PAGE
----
Just about a year before the virus landed, Dianne and I moved to Vashon, one of the islands of Puget Sound. On many days I work in the woods around our house, clearing away dead wood or fitting chunks of basalt into shapes you might mistake as either the ruins of what’s falling away or something new emerging from the earth.
Most days, I also work with clients who themselves are clearing out the deadwood. They’re trying to discern whether all the dis-ease in their lives signifies an old structure past its time or foreshadows a new one trying to emerge. And from everything they tell me, letting go of what’s falling away isn’t any easier than figuring out what’s to come.
It’s evident, too, in the wider world. After all, we live in a time of five crises: the pandemic; our unsustainable economy; the chauvinisms of sex, race, nation and faith; our weaponized politics; the ever-warming climate. Each involves the falling away of structures or identities or ways-of-being that have been centuries and even millennia in the making. And the precise shape of what’s emerging is not at all clear.
In my own life, the deeper into it I travel, the more conscious I’ve become of my horizon. Like that other one, out in the world, it used to seem that no matter where or in what direction I went, the horizon of my life moved with me, always keeping its respectful distance. But now, it seems fixed, and I draw closer to it every day. There’s a structure here, a structure that once bestowed a comforting location in life, and it’s falling away.
As I write this, something one of my mentors told me comes to mind. He said what distinguishes us from everything else alive was that we know we’ll die. It’s not that other species don’t know death but, as far as we can tell, we’re the only ones that know death will come to us. We know we’ll lose every one and every thing we love, although it takes some time before we actually believe this. He told me it’s in the relationship we have to this understanding that our humanity is found.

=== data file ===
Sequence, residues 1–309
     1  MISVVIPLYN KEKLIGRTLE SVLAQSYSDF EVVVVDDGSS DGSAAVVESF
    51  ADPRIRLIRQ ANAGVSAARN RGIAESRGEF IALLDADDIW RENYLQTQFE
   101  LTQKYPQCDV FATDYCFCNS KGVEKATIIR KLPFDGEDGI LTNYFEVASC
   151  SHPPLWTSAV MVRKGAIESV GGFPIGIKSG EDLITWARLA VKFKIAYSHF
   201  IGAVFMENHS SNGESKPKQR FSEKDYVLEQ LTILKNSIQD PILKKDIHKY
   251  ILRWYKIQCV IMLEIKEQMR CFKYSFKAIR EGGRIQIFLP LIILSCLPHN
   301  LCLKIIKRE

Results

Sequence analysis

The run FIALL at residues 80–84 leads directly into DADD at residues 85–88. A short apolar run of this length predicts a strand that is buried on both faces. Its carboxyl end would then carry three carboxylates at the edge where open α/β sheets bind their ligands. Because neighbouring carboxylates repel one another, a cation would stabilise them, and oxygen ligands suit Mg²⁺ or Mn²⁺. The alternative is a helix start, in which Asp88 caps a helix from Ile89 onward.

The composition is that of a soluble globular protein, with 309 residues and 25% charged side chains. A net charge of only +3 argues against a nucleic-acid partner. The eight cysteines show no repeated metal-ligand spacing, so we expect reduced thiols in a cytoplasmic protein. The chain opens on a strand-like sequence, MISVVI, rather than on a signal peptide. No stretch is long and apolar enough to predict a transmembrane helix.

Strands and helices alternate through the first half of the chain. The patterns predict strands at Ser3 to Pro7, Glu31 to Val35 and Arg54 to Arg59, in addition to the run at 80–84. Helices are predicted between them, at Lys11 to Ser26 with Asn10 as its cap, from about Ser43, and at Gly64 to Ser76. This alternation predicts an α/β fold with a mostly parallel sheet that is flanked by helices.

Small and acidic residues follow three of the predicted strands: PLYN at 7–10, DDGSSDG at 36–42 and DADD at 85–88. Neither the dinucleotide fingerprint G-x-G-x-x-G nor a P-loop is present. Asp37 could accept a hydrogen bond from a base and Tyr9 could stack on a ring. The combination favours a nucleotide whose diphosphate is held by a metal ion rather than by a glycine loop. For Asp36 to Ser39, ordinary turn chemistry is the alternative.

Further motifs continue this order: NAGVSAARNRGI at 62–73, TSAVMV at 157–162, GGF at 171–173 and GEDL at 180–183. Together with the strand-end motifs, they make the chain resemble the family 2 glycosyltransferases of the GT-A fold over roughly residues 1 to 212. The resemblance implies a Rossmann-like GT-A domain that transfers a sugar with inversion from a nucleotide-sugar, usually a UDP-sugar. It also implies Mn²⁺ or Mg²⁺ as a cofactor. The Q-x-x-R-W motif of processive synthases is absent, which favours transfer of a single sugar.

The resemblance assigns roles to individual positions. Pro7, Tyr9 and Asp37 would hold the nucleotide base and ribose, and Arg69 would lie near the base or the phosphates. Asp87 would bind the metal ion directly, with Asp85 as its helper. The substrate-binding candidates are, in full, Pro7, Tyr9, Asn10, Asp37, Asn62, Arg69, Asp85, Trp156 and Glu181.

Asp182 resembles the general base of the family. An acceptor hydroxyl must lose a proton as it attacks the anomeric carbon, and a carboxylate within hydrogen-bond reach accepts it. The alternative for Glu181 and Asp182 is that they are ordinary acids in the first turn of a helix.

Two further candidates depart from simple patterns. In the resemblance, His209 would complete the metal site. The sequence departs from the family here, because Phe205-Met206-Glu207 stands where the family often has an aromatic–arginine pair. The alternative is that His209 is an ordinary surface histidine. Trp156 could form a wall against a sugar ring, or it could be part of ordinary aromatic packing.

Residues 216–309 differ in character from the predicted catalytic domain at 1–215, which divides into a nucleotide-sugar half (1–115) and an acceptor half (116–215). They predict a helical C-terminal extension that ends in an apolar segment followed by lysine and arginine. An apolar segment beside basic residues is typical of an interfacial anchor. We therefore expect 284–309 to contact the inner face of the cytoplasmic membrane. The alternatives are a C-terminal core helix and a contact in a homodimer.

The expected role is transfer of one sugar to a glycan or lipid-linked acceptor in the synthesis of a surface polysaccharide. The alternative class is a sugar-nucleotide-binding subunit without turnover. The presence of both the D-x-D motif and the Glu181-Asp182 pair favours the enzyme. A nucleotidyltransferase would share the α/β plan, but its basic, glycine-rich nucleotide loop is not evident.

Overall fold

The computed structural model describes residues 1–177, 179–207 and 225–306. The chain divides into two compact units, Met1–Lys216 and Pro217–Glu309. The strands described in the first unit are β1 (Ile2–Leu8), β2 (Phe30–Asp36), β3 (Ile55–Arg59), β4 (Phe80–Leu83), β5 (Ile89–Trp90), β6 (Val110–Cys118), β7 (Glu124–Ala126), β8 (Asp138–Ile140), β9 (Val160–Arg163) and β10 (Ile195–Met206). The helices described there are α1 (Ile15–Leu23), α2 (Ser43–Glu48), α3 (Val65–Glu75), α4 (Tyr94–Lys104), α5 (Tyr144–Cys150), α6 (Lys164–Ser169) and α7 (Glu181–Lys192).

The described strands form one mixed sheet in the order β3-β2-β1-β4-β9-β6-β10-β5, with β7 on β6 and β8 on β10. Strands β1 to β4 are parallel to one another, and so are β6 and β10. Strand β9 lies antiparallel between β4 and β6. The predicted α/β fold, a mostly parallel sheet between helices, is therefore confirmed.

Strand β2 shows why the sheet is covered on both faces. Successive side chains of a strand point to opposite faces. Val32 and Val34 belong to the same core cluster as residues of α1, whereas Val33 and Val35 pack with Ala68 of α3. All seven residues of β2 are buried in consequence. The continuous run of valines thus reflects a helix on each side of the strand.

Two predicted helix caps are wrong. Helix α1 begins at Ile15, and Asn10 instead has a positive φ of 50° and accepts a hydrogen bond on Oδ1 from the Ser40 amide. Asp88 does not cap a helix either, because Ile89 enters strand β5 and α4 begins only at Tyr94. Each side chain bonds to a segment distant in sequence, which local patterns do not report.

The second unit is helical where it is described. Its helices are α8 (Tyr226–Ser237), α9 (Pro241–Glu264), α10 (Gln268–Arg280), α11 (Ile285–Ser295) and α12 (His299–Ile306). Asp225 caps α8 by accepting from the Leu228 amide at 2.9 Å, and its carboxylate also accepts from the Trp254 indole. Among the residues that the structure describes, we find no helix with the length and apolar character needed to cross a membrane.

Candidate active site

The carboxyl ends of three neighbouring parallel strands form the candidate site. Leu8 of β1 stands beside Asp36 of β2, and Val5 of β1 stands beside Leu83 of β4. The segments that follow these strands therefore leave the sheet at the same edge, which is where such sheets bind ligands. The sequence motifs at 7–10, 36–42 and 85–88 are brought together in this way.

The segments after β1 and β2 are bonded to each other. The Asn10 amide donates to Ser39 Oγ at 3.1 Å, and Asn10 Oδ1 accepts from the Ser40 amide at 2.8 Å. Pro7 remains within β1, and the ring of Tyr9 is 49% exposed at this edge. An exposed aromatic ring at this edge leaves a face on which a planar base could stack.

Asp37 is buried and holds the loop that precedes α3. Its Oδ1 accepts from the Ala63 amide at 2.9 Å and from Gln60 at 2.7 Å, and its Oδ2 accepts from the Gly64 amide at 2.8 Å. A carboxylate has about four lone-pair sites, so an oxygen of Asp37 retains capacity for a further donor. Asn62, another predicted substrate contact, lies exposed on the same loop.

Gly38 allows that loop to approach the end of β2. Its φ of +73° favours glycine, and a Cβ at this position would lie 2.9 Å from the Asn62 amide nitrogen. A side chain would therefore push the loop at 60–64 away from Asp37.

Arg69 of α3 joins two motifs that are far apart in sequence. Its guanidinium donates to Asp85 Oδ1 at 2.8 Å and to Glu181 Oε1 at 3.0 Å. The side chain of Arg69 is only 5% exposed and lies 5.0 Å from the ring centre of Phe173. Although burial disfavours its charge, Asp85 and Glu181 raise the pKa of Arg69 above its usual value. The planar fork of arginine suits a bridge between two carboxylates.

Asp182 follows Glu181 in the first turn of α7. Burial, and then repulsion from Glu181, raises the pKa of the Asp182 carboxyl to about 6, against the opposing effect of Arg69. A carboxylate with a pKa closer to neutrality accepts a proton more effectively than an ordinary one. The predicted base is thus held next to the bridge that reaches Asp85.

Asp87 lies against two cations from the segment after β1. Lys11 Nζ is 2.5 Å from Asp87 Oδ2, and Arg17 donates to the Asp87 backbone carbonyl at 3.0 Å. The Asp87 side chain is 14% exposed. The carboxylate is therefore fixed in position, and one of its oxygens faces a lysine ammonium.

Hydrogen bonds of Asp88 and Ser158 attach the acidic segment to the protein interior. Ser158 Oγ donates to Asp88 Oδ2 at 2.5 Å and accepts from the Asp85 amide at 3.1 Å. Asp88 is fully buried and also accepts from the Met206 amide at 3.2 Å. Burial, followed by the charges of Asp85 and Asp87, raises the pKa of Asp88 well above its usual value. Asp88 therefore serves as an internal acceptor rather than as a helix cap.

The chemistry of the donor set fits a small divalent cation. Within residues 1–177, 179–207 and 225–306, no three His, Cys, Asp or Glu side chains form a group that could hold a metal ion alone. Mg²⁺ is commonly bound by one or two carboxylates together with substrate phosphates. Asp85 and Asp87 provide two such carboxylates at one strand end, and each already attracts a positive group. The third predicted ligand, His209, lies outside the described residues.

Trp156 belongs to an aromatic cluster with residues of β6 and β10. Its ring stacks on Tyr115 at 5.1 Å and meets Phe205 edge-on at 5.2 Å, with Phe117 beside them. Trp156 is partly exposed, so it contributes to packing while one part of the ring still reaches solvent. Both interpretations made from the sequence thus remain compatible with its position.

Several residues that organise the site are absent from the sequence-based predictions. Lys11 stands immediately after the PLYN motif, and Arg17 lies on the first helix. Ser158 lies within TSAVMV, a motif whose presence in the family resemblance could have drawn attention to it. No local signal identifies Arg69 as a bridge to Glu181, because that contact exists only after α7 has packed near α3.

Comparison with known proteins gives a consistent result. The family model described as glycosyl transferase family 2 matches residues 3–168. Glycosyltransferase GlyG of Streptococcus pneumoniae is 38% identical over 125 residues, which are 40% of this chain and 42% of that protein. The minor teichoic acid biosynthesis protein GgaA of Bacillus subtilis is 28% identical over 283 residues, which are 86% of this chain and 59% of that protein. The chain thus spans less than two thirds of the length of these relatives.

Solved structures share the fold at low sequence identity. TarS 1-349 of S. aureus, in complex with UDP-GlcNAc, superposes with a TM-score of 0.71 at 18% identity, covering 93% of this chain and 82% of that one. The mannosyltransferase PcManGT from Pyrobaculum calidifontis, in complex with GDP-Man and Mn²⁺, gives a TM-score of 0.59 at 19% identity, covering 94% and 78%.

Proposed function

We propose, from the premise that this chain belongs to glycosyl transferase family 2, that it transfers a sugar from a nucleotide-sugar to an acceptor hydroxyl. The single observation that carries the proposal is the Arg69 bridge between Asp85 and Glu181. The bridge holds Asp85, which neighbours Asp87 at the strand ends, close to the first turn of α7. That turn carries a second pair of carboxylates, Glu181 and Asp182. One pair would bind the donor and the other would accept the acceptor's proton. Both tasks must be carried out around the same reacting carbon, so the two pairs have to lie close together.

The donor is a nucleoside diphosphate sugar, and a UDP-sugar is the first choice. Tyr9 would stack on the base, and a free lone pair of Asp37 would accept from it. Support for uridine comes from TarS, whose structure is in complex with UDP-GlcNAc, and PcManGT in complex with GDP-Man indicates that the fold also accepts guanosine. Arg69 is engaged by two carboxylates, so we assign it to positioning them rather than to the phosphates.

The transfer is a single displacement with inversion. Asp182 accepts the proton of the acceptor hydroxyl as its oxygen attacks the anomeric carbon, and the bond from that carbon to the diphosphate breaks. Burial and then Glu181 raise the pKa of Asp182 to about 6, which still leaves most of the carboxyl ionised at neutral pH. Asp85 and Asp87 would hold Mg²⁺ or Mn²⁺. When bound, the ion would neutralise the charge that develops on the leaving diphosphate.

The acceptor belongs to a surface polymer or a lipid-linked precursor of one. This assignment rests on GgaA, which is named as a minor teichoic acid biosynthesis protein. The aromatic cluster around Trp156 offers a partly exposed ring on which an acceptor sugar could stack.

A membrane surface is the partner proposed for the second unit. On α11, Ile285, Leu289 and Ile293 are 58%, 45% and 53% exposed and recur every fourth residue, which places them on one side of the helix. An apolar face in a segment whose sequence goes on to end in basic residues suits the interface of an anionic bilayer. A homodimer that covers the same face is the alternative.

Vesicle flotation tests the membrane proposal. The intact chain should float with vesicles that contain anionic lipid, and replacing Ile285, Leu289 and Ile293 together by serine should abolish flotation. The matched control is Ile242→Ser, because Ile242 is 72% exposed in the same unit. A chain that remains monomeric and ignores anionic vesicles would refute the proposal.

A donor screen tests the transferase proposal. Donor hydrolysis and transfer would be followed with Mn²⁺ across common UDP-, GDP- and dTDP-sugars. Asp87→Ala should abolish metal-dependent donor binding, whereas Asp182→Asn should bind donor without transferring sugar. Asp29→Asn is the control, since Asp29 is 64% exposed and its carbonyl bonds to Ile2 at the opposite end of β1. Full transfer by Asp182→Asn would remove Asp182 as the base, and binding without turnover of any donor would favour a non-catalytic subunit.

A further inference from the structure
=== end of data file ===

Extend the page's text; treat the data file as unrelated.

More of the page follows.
Do we seek to protect ourselves from all this loss? Do we become parsimonious in our loving to lessen the pain? Or do we bow down to that pain in gratitude for the loving?
Now, I don’t pretend to be the supplicant I want to be. Even when I squint ferociously, it’s hard to make out the shape of what’s coming. And this squinting is evidence of a “need” to know the shape of things before tolerating what they cause me to feel.
In the culture we’ve made, exploring the impact of mortality on our loving is as rare as it is vital. That it’s hard to talk about these things, with more than just the mind, before we reach a certain age is not surprising.
But at some point, when the heart and the body join in this understanding, a need arises to have a different relationship with our living. One in which what we believe, what we know and what we do cohere.
This is why I fit one stone to another in our woods. It has to do with finding patterns that please my mind and heart, of course, but it’s also about spending much of my time there on my knees. And it’s why I search, with my clients, for the evidence of what we yet might be.
It’s been said that we each have two lives: the second one begins the moment we learn we only have one.